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Bubbl.us
by Tanner and Maria

Description:

It woold be great if Bubbl.us allowed you to see who added what to each concept map!

Like most well designed tools, bubbl.us is intuitive. I stumbled upon bubbl.us when I was scrolling through the list of the top 100 web 2.0 tools on the Wiki. Most of the tools on the list I had either used or had heard of, but bubbl.us caught my eye. Collaboration is at the heart of every well designed project (and this course…) and the application of bubbl.us seemed far reaching. Bubble.us takes outlining a step further by creating cross-referencing tool that is absent in top down outlines. Many teachers may also find this tool useful as it helps students in their prewriting stage to organize their ideas, share with their peers and save the document as an image to keep for future reference.
Initially, I would like each member to create an account (top right) so that you may share outlines with other members of your learning circle. Each document will begin with a single bubble which is where you put your main idea. From there you may add bubbles to the side which will represent more main ideas or to the bottom which will add bubbles that support your main idea. The bubbles are easy to manipulate so that you may place it in the desired area on the page.
Bubbl.us has many useful features including embedding and sharing. Sharing is done through the “collaborate” tab in the top right. Once you have added others to your document, you may all make changes. The one downfall is that two people cannot edit the document at the same time. However, the upside of this tool is that it can be embedded in any webpage like I have done for my action research project here. Embedding is just as easy. Simply click on the menu button in the bottom right of the page and then click on HTML Embed Code. You can even place it inside a wiki with this if you would like. Overall, the best way to learn the tool is to jump right in and try it via their home page. Once you create your own mind map and start moving things around, you will get the hang of it quite quickly. One great feature for new users is the help box in the bottom right corner of the screen. Whenever your mouse rolls over a tool, a description of the tool or bottom pops up automatically in the help box. Have fun with this tool and remember the undo button is in the upper left hand corner.



TechEdge Activity: Bubbl.us is a very easy application to learn and it is a great way to put all of your ideas down on paper. For this activity I would like you to add to the Distributed Learning and Distributed Cognition bubble I initially created. I think this will be a good way for everyone to be able to sort their ideas out. Feel free to add as many bubbles as you feel necessary or maybe even add more main idea bubbles. I hope this activity helps you!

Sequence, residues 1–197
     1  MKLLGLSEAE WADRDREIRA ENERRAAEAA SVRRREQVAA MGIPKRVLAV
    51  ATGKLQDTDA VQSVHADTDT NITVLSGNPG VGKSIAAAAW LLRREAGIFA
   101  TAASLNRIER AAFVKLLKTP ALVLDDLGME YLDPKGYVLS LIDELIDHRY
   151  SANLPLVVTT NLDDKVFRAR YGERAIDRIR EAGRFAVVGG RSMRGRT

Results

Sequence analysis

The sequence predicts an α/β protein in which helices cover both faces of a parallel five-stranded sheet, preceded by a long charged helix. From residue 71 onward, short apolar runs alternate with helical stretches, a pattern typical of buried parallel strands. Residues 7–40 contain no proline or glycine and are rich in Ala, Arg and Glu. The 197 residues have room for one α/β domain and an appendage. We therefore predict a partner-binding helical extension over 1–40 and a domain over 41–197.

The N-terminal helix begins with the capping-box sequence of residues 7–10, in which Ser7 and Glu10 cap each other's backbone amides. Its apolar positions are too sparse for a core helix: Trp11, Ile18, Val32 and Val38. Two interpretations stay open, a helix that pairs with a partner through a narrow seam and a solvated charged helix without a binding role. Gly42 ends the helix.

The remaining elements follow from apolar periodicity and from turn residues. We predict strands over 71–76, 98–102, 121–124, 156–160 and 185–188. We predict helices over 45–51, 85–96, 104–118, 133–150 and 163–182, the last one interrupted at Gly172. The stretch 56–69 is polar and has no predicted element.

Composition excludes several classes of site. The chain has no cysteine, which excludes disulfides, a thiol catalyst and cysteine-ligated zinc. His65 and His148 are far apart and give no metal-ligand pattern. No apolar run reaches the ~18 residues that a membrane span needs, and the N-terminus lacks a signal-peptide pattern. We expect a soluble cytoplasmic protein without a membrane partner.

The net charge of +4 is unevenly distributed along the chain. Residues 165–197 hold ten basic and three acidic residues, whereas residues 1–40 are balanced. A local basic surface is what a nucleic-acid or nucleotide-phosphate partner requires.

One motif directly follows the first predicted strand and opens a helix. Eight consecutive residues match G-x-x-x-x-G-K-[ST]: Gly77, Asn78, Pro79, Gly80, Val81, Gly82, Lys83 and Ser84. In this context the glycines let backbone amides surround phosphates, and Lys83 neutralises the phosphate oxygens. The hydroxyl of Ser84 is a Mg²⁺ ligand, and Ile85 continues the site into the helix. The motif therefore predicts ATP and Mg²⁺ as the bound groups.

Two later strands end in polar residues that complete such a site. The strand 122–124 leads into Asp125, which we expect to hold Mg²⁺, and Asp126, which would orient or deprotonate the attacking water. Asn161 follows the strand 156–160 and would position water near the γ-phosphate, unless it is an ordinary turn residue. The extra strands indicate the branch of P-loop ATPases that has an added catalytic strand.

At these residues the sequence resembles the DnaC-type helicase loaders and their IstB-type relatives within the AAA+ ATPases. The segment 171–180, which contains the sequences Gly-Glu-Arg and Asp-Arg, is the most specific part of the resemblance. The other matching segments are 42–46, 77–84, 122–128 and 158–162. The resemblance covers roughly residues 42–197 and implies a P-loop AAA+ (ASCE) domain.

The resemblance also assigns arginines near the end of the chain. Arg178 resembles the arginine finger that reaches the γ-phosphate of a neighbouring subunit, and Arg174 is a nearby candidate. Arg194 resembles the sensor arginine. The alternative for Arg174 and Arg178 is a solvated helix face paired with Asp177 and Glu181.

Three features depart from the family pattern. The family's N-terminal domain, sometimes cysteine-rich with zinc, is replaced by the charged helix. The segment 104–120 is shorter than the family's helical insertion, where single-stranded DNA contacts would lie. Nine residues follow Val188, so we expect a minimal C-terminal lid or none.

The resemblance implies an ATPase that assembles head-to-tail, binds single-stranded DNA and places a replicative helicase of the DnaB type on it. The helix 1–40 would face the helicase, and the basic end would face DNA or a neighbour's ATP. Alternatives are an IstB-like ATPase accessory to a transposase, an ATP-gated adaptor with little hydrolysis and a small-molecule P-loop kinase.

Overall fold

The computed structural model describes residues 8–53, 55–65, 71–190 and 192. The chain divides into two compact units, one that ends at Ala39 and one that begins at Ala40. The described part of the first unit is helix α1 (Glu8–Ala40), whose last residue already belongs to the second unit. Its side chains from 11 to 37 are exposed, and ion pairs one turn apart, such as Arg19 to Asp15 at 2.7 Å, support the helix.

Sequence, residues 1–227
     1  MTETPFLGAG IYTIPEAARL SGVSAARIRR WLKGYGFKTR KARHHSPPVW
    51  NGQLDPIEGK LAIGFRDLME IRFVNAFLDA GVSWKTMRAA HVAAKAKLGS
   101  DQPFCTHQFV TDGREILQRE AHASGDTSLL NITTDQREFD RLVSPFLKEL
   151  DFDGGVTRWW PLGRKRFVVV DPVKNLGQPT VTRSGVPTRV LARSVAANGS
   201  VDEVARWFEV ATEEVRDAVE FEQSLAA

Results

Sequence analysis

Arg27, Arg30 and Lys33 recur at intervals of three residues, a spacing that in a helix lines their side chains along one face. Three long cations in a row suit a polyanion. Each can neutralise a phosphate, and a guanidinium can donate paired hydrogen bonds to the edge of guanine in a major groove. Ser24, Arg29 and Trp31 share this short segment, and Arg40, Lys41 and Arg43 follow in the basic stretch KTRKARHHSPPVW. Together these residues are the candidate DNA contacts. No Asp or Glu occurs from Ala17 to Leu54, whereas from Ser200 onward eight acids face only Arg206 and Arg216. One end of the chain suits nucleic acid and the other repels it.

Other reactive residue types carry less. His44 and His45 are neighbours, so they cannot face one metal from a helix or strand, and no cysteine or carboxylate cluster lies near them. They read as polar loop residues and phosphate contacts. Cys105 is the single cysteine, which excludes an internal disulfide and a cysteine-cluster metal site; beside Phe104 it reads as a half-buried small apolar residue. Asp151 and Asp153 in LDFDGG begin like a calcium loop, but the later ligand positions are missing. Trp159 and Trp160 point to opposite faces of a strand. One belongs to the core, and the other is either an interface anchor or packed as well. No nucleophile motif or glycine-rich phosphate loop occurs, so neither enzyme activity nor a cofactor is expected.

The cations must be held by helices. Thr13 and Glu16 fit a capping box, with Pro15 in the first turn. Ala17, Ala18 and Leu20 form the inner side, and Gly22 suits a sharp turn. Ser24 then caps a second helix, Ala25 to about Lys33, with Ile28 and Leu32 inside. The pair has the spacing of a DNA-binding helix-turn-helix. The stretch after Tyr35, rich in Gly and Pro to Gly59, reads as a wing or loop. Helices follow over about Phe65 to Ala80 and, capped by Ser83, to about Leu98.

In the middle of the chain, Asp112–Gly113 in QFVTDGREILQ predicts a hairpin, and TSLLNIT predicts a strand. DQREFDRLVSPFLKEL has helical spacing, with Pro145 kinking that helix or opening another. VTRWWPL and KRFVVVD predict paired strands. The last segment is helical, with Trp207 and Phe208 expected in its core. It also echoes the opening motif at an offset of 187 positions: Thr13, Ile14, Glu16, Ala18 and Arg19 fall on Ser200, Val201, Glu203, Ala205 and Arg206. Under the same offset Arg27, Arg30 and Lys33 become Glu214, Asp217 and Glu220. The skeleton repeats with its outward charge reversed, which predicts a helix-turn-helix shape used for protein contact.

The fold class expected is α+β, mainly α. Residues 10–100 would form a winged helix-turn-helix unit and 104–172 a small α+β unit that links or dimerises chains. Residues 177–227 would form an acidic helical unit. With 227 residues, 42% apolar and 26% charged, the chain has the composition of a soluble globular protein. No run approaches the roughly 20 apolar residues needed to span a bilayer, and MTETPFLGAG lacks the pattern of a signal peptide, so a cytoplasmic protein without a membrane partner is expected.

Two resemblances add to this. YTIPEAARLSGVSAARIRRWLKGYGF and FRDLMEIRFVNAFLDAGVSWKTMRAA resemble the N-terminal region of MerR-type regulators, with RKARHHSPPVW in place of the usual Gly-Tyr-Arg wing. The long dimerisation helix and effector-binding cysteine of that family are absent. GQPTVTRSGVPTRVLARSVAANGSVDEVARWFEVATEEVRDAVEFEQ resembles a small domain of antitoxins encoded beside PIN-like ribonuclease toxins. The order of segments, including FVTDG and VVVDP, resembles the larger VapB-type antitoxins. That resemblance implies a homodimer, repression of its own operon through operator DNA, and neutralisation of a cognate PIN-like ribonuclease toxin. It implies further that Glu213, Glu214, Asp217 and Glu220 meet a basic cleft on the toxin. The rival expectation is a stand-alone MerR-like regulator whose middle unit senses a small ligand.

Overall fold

Maria's Reflection
It seems to me that since VirtCamp my mind has been thinking about this program non-stop. I still have people asking me about the experience and wanting to know what I am learning now. I find myself getting frustrated with jobs and suddenly the thought of "it's all about the process" jumps into my mind. It is amazing how that one phrase has changed me. I share this phrase with others around me and I can see they have changed too.

This cadre gift for me was hard fun. I think I am a visual person and I love to show people how to do things. However, when I had to become and expert on a tool and demonstrate the tool to people that I was not in direct contact with, I became very frustrated. It wasn't so much that I had a hard time grasping the concept of the tool, I was having a hard time figuring out how I was going to create an activity that would not only demonstrate how the tool is used, but also create a meaningful experience for the person so that he or she could find the tool useful.

While we were at camp and were all looking at the Web 2.0 tools, Tanner and I discovered that we were looking at the same tool bubbl.us . I was amazed to see that although we were looking at the same tool, we both saw very different uses for the tool. Tanner saw it as a great way to share information and collaborate. Although I was able to see those uses as well, I also saw it as a great organizational tool for students to use when they are extracting ideas from text or even as a prewriting tool. I think our conversation helped both of us extend our ideas.

Working together to create the instructions for the tool was also hard fun. Most of the collaboration was done asynchronously. I found myself anxious to hear back from him as I am part of the "instant gratification generation" and I wanted feedback about my work as well and the ability to continue on in this assignment. I felt that it went extremely well. I think had we not worked together I would have been limited in my thoughts of the capabilities of this tool.

We also discussed how we would present the tool to the cadre. Unfortunately, we did not have the opportunity to do so, but the fact that we were able to practice also gave us a better understanding not only of our tool but of the capabilities of Elluminate as well.

I was completely blown away by our ability to present as a cadre on Elluminate. In fact I had some family members at my house and they came in the room to see all the fun we were having! I know some of them are looking into getting the program for their workplaces. Overall, I think everyone did a fantastic job with their tools. It is obvious that everyone took their time in becoming experts, creating an activity and presenting it to us.

I think the cadre gift presentations at the end of this summer session could not have been better timing. It helps me to realize once again what a great group of people we have. It makes me even more excited to think of all the "hard fun" we are going to have as we continue to enjoy "the process".

Maria